Porsche wanted to retain the high-revving nature of the old flat-sixes with these turbo fours, and have largely succeeded as they’ll spin to 7,500 rpm, about 300 rpm shy of the six-pots. Helping in this matter is a modified valve train with reduced mass components. These engines also get VarioCam Plus variable valve lift on both intake and exhaust sides.
Speaking of exhaust, Porsche spent a lot of time bringing emotion into the exhaust note – no easy feat with a turbocharged engine as those little turbines tend to stifle the aural mojo. A dual-mode sport exhaust system is available on both cars. Get it. If equipped with the Sports Chrono Package ($2,200), the middle Sport mode lets more fuel through when lifting the throttle, allowing for some delightful blats, pops and farts on overrun. Danke.
8, 5 and 15 kg
Very little weight savings here – the turbo fours are only about 8 kilos lighter than the six-cylinder engines they replace. Factor in more standard equipment, bigger wheels, bigger brakes, larger half-shafts and rear shocks, plus some extra bracing and the 718 Boxster and 718 Boxster S come in 5 kg and 15 kg, respectively, over the outgoing cars.
More go requires more whoa. The 718 Boxster gets brakes from last year’s Boxster S, and the new S inherits some stopping hardware from the Carrera. Carbon ceramic brakes are on the menu for $8,450. Wheels are up in size, ranging from 18 to 20 inches.
Porsche Stability Management (PSM) gets tweaked. A short press on the console-mounted button calls up Sport more, which has been recalibrated to allow more sideways fun before jumping in to save the proverbial bacon. Sideways was the word of the day, as my Porsche pilot held the bellowing 718 Boxster S in long, lurid drifts over a watered section of the test track. A long, five-second press on the PSM button turns everything off, and that’s when my German friend, who is a chassis development driver on the 718 project, let it all hang out… literally. From my perspective, the new-found low end torque of the 718 allows the arse to kick sideways like never before. A ten percent quicker steering ratio makes for quicker response.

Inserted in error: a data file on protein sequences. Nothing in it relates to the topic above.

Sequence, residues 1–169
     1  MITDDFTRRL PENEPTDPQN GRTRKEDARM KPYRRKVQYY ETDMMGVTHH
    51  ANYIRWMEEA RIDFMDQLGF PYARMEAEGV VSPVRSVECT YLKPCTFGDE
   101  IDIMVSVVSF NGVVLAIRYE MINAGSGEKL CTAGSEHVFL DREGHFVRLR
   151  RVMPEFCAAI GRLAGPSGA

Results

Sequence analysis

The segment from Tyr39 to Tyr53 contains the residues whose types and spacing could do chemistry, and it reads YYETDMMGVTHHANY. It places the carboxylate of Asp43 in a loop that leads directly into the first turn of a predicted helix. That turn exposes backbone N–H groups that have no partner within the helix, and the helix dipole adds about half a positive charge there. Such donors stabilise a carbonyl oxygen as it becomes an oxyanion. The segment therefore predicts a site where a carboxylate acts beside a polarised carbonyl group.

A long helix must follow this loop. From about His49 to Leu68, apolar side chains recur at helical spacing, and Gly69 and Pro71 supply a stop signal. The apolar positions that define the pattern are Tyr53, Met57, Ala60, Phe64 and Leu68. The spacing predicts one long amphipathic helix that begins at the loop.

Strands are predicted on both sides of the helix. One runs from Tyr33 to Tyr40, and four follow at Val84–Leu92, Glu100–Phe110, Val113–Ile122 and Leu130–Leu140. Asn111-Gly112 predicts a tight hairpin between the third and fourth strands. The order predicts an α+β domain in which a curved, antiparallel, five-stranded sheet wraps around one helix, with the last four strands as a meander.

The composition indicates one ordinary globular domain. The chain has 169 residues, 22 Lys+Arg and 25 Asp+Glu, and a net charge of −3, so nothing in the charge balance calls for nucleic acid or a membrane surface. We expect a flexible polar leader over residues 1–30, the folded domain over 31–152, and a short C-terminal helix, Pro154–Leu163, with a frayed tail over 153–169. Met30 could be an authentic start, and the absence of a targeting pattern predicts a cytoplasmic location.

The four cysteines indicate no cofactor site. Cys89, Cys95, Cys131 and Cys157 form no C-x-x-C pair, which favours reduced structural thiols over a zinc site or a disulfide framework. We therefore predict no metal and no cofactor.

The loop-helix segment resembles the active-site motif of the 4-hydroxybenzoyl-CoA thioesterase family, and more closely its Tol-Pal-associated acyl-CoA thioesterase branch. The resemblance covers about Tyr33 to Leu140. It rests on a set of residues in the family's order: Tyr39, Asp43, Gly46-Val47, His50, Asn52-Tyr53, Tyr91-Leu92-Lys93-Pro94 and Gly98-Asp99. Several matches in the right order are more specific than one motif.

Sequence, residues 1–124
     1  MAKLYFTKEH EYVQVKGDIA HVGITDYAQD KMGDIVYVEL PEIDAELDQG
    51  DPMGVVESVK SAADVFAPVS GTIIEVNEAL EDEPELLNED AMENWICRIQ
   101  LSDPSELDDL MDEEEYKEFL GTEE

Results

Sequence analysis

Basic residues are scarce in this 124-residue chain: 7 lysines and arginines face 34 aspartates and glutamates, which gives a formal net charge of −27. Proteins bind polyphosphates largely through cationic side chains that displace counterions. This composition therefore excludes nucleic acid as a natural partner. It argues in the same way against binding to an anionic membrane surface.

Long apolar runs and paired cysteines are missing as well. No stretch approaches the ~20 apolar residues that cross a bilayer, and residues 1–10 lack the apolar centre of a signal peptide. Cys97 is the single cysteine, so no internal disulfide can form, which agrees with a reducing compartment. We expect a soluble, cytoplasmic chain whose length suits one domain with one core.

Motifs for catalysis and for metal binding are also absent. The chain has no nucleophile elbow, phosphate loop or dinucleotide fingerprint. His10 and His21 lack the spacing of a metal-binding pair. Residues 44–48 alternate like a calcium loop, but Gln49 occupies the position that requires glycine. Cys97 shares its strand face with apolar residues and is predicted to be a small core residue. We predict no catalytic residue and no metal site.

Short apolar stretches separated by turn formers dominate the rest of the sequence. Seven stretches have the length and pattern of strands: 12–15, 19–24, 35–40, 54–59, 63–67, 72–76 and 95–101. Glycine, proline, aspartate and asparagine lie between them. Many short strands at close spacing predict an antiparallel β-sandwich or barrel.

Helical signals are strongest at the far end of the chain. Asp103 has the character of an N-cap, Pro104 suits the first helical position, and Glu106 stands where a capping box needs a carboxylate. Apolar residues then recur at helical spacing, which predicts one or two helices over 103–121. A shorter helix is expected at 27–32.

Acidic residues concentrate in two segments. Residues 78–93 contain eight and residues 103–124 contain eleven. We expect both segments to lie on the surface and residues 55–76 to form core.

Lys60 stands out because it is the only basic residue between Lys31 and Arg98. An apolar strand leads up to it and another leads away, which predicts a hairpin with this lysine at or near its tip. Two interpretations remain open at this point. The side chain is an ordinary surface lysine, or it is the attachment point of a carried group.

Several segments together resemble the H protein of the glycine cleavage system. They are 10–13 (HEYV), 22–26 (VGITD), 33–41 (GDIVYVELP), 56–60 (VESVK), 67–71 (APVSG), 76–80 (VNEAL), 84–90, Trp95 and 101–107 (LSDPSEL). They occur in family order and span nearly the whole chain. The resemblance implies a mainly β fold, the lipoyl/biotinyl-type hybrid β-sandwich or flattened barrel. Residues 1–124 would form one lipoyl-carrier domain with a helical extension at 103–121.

Two adaptive suspension systems are available: PASM which costs $2,050 and is 10 mm lower than standard and the $2,370 PASM Sport Suspension which is 20 mm lower. Both have been retuned to offer a greater spreads between comfort and sport. These cars were fitted with the PASM Sport Suspension. As we flew around the banked oval, my driver noted the car’s new high speed stability. I noted the g-forces distorting my face into gargoyle territory.
Only the hood, windshield, roof and rear decklid carry over from the previous generation Boxster – all other body panels are new. The remake is subtle but effective. The 718 looks more rakish, planted and purposeful. The front fenders are more pronounced, the nose appears lower and wider, the side air intakes are larger, and the back gets new four-point LED taillights connected by a black bar and a small spoiler. Improvements to the interior include new design steering wheels, resculpted dash and Porsche’s new infotainment system with larger touchscreen.
Until we get behind the wheel and see how this reimagined 718 Boxster feels, the jury is still out. But barely. By the numbers, it kicks the old car squarely in the tailpipe. Most telling would be the PDK-equipped 2017 718 Boxster S’s Nurburgring time of 7 min and 42 seconds, which eclipses the old car by an astounding 16 seconds.